Now, of course, I do not expect that the festival will have the same impact on anyone else's life. This experience, however, has renewed my investment in Against the Odds. It is important to point out that during the last six months, in addition to losing three family members, I have lived on friends' couches with my husband and dog for months while grieving because we were moving when the accident happened and the deal took much longer to go through, Springstep announced they were selling the building where Monkeyhouse rehearses, performs, and has our office, my husband changed his career, and the nurse practitioner who was overseeing the complex management of my medical condition left her practice. Trust me, if I did not think that learning to face imperfection and adapting around less than ideal circumstances were important topics, I would never be producing a festival like this now. Everyone faces some form of adversity in their life. Seeing all these artists find physical poetry from imperfect bodies with grace and sometimes humor, reminds me that we can choose how we handle these moments.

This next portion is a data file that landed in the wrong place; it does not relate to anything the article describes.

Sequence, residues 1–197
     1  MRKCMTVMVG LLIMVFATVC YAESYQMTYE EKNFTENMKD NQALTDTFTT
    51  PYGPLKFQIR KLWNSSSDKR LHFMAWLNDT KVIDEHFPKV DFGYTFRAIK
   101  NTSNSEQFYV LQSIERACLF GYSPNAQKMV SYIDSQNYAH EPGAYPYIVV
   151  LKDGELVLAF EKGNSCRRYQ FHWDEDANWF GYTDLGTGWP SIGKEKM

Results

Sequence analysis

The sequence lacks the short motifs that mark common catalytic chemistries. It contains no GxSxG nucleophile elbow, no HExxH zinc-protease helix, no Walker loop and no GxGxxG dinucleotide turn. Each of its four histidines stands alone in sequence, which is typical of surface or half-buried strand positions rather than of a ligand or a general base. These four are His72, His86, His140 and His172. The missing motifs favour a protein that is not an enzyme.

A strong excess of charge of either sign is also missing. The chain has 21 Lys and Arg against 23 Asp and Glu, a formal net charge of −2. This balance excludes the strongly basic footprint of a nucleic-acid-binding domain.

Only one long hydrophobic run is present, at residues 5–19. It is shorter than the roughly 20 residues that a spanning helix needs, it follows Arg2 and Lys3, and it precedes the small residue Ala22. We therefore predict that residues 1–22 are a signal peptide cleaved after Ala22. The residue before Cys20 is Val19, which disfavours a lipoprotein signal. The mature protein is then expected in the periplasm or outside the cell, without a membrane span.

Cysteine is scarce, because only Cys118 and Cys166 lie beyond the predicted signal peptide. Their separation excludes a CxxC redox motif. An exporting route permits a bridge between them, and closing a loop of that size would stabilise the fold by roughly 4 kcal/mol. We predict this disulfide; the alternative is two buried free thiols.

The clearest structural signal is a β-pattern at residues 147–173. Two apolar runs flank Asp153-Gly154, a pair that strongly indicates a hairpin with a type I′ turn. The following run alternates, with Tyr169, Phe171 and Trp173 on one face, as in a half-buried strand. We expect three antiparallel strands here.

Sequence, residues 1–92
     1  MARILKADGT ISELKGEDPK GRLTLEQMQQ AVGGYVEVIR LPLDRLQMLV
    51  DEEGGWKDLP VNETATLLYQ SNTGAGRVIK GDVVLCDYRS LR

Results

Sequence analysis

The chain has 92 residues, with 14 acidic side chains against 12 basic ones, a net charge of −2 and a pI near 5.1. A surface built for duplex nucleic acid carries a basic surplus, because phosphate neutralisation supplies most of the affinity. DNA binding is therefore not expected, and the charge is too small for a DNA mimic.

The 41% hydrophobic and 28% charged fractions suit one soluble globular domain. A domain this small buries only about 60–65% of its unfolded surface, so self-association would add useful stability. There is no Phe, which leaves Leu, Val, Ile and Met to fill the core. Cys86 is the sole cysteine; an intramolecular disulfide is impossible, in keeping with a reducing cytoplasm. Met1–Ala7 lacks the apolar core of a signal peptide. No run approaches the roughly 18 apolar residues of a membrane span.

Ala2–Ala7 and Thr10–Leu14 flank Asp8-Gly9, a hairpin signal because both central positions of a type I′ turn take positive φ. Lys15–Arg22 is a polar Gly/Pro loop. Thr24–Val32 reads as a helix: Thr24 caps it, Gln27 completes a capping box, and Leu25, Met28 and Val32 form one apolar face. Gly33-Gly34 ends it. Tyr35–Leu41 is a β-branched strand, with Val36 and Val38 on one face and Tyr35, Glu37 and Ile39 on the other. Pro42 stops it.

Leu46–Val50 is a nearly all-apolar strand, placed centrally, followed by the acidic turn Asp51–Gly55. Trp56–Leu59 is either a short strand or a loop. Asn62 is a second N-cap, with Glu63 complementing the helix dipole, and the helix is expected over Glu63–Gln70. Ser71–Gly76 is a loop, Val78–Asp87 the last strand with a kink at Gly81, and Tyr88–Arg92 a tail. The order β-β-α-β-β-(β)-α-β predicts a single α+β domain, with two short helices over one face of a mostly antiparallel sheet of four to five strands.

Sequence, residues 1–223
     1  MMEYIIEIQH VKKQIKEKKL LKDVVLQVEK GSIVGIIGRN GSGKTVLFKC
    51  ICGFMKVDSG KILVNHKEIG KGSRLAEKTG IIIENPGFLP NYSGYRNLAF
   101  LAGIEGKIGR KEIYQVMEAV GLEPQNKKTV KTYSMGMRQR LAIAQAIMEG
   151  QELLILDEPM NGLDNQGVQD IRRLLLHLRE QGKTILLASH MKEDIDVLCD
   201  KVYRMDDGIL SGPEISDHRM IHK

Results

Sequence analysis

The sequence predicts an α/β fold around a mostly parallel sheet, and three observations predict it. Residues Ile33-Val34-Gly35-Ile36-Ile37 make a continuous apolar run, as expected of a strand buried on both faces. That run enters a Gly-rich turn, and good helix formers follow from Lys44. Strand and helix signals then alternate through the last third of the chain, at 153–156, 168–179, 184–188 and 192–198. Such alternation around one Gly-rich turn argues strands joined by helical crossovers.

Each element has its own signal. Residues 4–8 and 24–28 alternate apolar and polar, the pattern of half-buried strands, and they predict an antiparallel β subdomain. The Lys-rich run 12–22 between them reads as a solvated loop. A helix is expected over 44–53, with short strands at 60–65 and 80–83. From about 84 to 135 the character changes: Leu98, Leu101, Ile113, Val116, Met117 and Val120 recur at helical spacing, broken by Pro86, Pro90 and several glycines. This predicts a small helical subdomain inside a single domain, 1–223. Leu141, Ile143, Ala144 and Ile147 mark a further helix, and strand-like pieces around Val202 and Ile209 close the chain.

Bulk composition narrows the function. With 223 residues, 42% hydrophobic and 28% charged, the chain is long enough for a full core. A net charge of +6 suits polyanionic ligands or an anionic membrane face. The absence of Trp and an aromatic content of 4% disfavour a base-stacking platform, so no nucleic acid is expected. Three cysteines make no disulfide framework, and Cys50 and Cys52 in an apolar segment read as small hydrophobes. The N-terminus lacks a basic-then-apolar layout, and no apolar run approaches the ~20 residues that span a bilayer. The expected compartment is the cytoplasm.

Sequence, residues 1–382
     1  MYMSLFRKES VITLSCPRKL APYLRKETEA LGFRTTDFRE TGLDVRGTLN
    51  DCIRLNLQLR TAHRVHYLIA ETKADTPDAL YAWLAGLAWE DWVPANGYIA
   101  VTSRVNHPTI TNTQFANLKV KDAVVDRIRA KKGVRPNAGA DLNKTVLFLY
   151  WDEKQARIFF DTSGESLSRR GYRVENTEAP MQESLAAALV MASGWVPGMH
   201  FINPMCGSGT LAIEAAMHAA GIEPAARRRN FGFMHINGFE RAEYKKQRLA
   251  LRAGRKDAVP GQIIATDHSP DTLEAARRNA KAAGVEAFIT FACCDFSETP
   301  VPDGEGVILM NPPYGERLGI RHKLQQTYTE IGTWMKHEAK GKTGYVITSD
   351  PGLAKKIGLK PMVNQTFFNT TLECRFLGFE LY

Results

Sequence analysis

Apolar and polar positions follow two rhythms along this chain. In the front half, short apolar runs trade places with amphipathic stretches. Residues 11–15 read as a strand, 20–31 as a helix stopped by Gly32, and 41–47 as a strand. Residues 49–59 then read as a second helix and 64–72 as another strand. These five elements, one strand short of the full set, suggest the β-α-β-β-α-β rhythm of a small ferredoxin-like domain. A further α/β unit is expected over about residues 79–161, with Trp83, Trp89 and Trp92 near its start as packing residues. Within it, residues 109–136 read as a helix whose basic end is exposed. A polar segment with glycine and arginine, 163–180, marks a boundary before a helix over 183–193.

When I posted something on Facebook about needing help raising money for the festival a few weeks ago, I was stunned that people from all over the country helped up us blow past our goal of $5000. So far we have received over $9000 and people keep sending in more donations. It was really uplifting to realize how many other people believed this was a worthwhile idea. Unlike many artists, I was very fortunate to have a family that really supported my creative endeavours. The last time that I saw my parents, the night before they left, they scurried around looking for a checkbook to give me a donation for Against the Odds. I said over and over, that they could always do it after they got back. How foolish I was to take for granted a safe return. Mom was insistent, though, and they gave Jason a check as we were leaving. When I felt so lost that following week, I kept thinking that Mom and Dad would want me to see this project through. Sure enough when we returned from Chicago, I found another smaller donation from Mom in memory of my Grandma Moffat in the mail at Monkeyhouse's office. It is a though they knew that I was going to need a big reminder that they believed in me.